Also, talk to your child about finding a balance between their academic life and social life. While both aspects are equally important for their overall well-being, they can quickly become off-balance when social life is prioritized over their studies. Help them brainstorm ways to keep both in check, like using time management tools or keeping a detailed calendar.

Mental Health

Being away from home for the first time can create a number of mental health concerns. First-year college students may experience loneliness, self-esteem issues, anxiety, and depression especially if they’re having trouble fitting in or making friends.

Make sure your child knows not to ignore these feelings and how to access their college’s mental health resources. You can also make mental health check-ins part of your weekly communication. That way, you’re chatting regularly about how they’re feeling and adjusting to the new transition.

Signs of anxiety, depression, and even suicidal thoughts are often missed because those who are struggling experience shame and are afraid to talk about their feelings. Help destigmatize mental health by normalizing these conversations with your child.

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Healthcare Release Forms

Whether you rely on the college’s healthcare plan or have one of your own, make sure your prospective college student knows how to manage and use their healthcare benefits. You may also want to ask them if they would consider signing a HIPAA release form and a medical power of attorney. These documents which can be printed for free from various online sites allow you to access your child’s healthcare records and participate in their medical care in the case of an emergency.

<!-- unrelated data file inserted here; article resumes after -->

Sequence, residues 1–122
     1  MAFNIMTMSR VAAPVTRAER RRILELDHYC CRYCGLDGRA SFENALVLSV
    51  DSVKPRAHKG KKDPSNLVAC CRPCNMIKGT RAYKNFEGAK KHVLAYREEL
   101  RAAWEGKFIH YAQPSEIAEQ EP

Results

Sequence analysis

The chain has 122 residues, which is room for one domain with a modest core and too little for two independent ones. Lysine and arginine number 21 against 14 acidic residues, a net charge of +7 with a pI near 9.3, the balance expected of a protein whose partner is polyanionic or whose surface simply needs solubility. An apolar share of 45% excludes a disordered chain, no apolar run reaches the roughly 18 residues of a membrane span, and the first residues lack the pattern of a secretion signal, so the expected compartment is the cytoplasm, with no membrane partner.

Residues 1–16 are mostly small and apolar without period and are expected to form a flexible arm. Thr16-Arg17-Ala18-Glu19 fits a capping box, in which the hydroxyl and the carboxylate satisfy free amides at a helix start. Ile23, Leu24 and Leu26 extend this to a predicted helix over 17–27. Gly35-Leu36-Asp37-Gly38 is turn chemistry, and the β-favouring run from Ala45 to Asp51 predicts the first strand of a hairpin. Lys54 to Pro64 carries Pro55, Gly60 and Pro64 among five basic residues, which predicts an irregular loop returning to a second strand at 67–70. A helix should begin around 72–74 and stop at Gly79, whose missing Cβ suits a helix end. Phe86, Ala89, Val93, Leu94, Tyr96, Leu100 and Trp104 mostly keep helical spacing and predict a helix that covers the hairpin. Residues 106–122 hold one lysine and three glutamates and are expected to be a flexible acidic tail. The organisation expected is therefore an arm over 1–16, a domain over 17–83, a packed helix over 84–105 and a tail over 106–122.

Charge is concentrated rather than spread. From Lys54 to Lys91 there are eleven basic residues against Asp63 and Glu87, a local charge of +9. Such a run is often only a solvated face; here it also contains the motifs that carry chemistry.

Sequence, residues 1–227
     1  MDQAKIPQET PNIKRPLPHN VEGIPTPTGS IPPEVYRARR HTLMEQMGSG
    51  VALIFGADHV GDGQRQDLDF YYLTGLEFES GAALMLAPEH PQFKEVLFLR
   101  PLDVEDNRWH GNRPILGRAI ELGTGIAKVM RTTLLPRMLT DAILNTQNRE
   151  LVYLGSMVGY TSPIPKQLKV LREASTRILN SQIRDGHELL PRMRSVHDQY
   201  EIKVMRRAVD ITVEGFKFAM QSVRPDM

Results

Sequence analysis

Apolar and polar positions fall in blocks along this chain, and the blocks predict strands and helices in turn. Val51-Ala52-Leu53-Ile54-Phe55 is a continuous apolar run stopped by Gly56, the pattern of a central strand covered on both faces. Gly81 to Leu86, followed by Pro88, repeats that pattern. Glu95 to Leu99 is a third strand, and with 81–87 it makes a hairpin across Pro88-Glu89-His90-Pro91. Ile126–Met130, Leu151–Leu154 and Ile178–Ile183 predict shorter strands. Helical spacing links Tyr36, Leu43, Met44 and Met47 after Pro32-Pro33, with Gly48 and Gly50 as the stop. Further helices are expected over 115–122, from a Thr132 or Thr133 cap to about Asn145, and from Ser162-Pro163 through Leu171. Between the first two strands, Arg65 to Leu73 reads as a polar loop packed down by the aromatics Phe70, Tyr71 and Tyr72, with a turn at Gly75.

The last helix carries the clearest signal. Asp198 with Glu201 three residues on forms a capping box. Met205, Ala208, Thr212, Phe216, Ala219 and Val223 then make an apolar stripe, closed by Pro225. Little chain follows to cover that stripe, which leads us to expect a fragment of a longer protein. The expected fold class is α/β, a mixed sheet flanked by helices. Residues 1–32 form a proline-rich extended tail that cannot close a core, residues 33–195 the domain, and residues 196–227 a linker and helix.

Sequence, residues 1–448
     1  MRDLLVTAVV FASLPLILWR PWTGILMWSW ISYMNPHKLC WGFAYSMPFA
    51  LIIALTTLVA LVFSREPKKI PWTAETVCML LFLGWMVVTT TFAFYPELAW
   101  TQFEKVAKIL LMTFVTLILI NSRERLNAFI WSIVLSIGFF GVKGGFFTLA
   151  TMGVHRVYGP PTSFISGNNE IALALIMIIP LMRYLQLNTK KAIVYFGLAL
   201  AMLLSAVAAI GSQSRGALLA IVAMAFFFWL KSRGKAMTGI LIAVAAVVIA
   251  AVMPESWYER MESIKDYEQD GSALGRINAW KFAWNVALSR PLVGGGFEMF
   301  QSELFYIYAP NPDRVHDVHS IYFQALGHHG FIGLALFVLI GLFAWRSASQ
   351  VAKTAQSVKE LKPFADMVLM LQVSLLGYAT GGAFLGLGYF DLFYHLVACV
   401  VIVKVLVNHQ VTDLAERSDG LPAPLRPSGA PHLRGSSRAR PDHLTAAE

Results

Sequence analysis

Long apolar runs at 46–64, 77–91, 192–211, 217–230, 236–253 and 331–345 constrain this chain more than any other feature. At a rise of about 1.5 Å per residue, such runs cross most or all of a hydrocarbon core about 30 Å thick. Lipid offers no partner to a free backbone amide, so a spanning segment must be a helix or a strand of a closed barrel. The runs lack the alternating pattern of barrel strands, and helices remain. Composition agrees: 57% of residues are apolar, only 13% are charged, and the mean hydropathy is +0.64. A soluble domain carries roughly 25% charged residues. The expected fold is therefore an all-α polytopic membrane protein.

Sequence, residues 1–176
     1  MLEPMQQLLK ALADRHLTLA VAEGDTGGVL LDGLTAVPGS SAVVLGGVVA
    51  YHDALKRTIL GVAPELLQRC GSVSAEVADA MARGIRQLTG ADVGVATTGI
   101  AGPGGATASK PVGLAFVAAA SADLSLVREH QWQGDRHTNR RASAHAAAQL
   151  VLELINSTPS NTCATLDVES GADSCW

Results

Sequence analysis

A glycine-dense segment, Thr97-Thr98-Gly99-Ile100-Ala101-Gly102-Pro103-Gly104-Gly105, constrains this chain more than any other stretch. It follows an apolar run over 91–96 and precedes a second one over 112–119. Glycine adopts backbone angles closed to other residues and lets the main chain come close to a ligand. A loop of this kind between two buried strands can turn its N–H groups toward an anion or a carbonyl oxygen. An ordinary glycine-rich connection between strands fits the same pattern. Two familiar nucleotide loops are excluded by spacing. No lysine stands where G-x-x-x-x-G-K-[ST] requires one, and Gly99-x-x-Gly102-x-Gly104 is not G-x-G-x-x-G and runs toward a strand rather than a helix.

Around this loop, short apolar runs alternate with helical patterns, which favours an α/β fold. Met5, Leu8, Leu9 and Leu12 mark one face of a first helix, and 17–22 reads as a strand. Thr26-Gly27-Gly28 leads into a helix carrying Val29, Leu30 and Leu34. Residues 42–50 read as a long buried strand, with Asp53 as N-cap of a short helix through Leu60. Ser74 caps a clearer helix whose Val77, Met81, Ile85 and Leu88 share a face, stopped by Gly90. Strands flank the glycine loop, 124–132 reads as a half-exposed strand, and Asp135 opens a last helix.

Nothing is more frightening for a parent than learning that their child is in the emergency room, especially when the doctors cannot tell you anything about their condition or treatment. Handling this type of situation alone can be a lot for an 18-year-old. For this reason, educate your child about what these forms allow so they’re able to make an informed decision. If your child is reluctant to sign the forms, it’s important to respect their decision.

Other Tips

Try to space these conversations out over a few weeks. Look for times to talk when you’re both relaxed like at dinner, while taking a walk, or even while riding in the car.

It’s also a good idea to avoid lecturing your child. Instead, assume they may already be thinking about these things. Open with a question rather than sharing your thoughts first. Ask things like, “What do you think is a reasonable weekly budget at school?” or “How do you feel about riding the bus at night?”

Finally, try not to take it personally if your soon-to-be college student rolls their eyes or looks put off by the conversation. This response is pretty normal. But rest assured, you’re not wasting your time or breath on these discussions.

In fact, a recent Teens, Health and Technology survey indicated that parents are the number-one source of information for college students, with 55 percent of teens getting health information from their parents before turning to the internet. So, the chances are high that they want to hear what you have to sayeven when they don’t act like it.